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"Elegy" part 1 of 4! A new era in the history of DETECTIVE COMICS begins as Batwoman is unleashed on Gotham City! Marked by the blood-red bat, Kate Kane is a soldier fighting her own private war – one that began years ago and haunts her every waking moment. With a script by Greg Rucka and breath-taking art by JH Williams III, you've never seen anything like this!

Featuring the debut of a new co-feature starring The Question written by Rucka! Odds against you? Alone and nowhere to turn? Willing to fight, but you don't know how? When you're searching everywhere for an answer, sometimes all you need to do is ask the right Question. Renee Montoya again dons the faceless mask to help those in need, all the while searching for her own answers in this new adventure with art by Cully Hamner (BLUE BEETLE).

Detailed Plot Summary

Batwoman takes over Detective Comics in the first issue of a four part story arc.

This issue starts off with a guy running away from Batwoman, who is sporting an all black costume with long red hair and red Bat, Belt, Gloves, Boots, and inner cape. She wants information from the guy she was chasing, he talks about a woman who will be coming soon and saying how they'll kill him for talking to her. She tells him she won't let that happen and urges him to whisper it in her ear. As this is happening apparently Batman has been watching and signals her to meet him on the roof of a building. They talk about covens of crime and about the Religion of Crime getting a new leader, how she's coming to Gotham. Batman tells her the case is hers and to do something about her hair because if someone pulls it the fight would be over. He tells her he'll be watching. As they both leave she heads to her bunker where we see that Her long hair is an attachment to her mask, concealing her civilian identity.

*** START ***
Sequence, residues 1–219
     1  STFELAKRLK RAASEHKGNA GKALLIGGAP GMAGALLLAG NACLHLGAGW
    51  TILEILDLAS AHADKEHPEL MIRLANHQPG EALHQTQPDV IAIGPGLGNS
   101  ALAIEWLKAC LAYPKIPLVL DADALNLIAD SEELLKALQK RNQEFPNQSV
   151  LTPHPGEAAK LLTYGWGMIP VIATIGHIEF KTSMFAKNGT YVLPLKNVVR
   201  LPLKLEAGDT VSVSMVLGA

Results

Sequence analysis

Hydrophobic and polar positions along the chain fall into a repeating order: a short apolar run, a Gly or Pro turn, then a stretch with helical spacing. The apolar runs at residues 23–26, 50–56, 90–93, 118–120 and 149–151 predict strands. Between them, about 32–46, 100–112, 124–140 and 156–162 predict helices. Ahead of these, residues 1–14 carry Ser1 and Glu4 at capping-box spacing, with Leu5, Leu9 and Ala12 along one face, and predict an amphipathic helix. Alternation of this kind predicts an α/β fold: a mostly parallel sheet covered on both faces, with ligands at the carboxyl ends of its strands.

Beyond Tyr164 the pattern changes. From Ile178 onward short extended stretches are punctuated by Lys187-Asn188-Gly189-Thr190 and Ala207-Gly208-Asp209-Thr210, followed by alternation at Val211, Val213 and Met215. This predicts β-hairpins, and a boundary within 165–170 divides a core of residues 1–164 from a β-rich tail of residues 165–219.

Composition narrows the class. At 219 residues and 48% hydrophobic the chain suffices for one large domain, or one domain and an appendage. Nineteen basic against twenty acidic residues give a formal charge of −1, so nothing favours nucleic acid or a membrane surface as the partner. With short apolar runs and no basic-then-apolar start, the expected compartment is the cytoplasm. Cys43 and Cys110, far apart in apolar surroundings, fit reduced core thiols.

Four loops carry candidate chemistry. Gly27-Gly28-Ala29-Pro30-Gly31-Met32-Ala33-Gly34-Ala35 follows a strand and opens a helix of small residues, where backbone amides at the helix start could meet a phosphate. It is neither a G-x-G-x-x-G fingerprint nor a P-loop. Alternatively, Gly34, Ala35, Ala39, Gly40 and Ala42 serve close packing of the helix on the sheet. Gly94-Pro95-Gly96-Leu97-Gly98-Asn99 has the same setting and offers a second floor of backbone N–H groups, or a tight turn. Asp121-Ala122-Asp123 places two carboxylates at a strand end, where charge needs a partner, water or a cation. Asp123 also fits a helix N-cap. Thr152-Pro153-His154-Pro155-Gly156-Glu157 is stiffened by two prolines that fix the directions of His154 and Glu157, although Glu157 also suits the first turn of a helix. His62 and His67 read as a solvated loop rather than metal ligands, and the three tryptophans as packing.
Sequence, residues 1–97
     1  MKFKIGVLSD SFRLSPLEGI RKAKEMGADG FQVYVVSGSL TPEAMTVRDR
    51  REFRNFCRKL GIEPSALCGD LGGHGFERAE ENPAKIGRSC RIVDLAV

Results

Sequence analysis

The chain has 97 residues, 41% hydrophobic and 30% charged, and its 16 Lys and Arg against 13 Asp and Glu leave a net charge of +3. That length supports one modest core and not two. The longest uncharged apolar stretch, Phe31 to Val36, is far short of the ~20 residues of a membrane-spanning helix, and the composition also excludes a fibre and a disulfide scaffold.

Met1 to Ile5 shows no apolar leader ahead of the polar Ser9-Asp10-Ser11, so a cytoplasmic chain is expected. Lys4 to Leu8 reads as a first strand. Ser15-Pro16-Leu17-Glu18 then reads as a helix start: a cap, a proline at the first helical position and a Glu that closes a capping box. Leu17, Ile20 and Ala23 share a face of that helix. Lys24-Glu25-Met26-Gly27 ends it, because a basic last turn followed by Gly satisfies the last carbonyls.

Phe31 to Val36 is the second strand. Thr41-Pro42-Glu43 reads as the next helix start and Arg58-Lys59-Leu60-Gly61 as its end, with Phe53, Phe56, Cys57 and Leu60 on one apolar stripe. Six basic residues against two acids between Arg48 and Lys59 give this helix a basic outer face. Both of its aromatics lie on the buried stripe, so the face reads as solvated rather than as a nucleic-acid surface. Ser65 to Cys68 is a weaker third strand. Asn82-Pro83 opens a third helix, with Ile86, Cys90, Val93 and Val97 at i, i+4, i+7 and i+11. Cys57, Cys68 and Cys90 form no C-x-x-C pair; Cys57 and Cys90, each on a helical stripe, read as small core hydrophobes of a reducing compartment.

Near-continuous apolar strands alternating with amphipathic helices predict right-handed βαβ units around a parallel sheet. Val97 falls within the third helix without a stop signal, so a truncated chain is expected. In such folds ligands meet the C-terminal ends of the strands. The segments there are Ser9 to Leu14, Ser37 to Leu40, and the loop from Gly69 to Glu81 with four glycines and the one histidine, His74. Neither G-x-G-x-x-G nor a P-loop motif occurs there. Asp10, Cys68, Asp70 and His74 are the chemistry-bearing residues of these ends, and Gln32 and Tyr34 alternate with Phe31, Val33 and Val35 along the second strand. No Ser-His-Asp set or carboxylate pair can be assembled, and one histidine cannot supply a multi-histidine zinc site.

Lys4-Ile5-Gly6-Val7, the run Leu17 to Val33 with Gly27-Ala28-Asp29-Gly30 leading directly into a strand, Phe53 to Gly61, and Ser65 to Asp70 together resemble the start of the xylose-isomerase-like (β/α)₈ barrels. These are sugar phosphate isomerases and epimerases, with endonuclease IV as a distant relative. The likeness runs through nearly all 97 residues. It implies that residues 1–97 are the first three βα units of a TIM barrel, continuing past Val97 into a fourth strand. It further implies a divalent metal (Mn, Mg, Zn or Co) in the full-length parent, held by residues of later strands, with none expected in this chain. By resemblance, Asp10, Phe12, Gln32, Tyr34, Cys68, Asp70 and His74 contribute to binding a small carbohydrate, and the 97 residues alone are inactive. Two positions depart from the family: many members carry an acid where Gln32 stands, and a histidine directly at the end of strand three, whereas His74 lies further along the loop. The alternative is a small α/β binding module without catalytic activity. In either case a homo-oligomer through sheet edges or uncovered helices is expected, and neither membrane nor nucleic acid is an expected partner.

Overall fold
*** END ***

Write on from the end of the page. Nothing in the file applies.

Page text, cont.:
Kate Kane meets a woman who tells her that she's late to which Kate says she overslept. However, that doesn't fool the woman, who can tell that she hasn't even slept. She accuses Kate of cheating and eventually breaks up with her saying she doesn't want to be a rebound but that she really liked her and she asks her to call her when she grows up. We cut scene to Kate sleeping in her bed hearing her father going over the tapes from the previous night. He inquires about the conversation she had with Batman as Kate bench presses. Her father warns her about pushing herself over her limits, they have a slight fight about her taking it easy after apparently being stabbed through the heart. There is a glimpse of a woman being tied up but there is nothing further as Her father tells her "We soldier on." As they head to the bunker, her father gives her what looks like a gun telling her it's not yet field tested from apparently the army. He tries to get her to go out with him and her stepmother, but she refuses making it clear she's her stepmother and that she has other duties to take care of. We learn that this Religion of Crime has abducted Kate in the past and tried to cut out her heart. She learns of where and when they are coming but she doesn't know who. She tries to get the information by taking down some crooks but she gets nothing until the leader shows up, dressed in all white, powder white body, blond hair and red lipstick. We learn her name, Alice to which Batwoman pulls out her gun and aims it at her, telling her that she's been looking forward to meeting her as she shoots a bullet.

In the Second feature we see the adventures of The Question, Renee Montoya doing work in another country. She goes through looking for someone and eventually finds her way to a place that has nothing she was looking for, however there are some men approaching her, apparently about to fight.

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4.14 stars 4.14/5 Stars Average score of 7 user reviews

A surprisingly artistic and thoughtful addition to the Bat-family 0

 Even being a fan of Rucka's work, I was still a bit wary of a Detective Comics arc starring Batwoman. But from the get-go the progressive artwork and paneling and the solid story featuring a trippy new villain Alice dismissed any apprehension I felt when I picked up this issue. J. H. Williams III is one the greatest breakout artists in recent memory. His psychedelic panels propel the story fluidly and with a rejuvenating respite from the normal comic panels. He literally thinks outside the box....

3 out of 3 found this review helpful.
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